It's a tradition at the end of a year to recount the year's biggest stories and prognosticate on the big issues of the new year. This year, that was an easy exercise. In no particular order, they are:

  • The U.S. attempts, failures and limited success at restoring our export markets. South Korea has not only thumbed its nose at the U.S. but made a mockery of the entire system. We also gave into Japan by accepting its rejection of internationally recognized standards. These will continue to be big issues in 2007.

  • National ID. Though very little happened, premise ID sign-ups are on schedule, the National Cattlemen's Beef Association succeeded in pushing for a voluntary program, and private enterprise is putting the necessary components, albeit slowly, in place.

    The marketplace with age and source verification, and to a lesser degree genetic and process verification, has largely already passed up the whole national ID debate. Virtually all progressive cow-calf producers this fall sold their cattle in a system that would allow for 48-hour traceback.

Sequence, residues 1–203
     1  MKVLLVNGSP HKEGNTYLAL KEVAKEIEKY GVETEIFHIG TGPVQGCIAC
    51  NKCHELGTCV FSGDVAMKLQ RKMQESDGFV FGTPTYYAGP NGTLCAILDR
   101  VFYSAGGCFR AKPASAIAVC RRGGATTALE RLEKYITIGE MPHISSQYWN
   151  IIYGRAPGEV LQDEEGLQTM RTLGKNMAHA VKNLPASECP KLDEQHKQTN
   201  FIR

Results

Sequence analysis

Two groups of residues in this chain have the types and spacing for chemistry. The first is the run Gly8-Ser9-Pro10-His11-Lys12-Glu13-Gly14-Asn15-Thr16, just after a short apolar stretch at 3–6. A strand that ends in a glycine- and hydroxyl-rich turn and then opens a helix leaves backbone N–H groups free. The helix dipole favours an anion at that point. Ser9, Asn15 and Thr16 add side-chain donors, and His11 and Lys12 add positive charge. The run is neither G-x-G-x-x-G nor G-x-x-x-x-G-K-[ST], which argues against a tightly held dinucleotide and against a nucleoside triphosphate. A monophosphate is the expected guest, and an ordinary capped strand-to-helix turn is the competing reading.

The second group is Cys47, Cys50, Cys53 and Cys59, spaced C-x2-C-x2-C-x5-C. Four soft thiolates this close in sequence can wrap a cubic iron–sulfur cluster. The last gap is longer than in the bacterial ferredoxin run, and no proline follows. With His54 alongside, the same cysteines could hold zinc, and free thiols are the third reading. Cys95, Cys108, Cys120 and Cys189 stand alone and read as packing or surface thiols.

• The weather. Widespread drought short-circuited expansion once again. Seemingly nearly every region of the country had a major weather event in 2006.

  • Corn prices unquestionably had the biggest impact on producers financially, not only in the short term but it promises to reshape the very structure of our business. The ethanol subsidies and the corn farmer vs. cattle rancher debate will continue to be at center stage in 2007.

  • The marbling failure. The industry, especially the seedstock and feeding segments, have talked a lot about why -- despite a shift in breed composition to higher marbling breeds, a heightened level of selection pressure for marbling, and a host of other factors such as days on feed, heavier carcass weights, etc. -- marbling actually has been decreasing.
My wish for 2007 is that the new year be about a renewed focus on profitability, on growing demand, and returning to issues we can influence and that will have a long-term effect on our sustainability, both as individual enterprises and as an industry.
-- Troy Marshall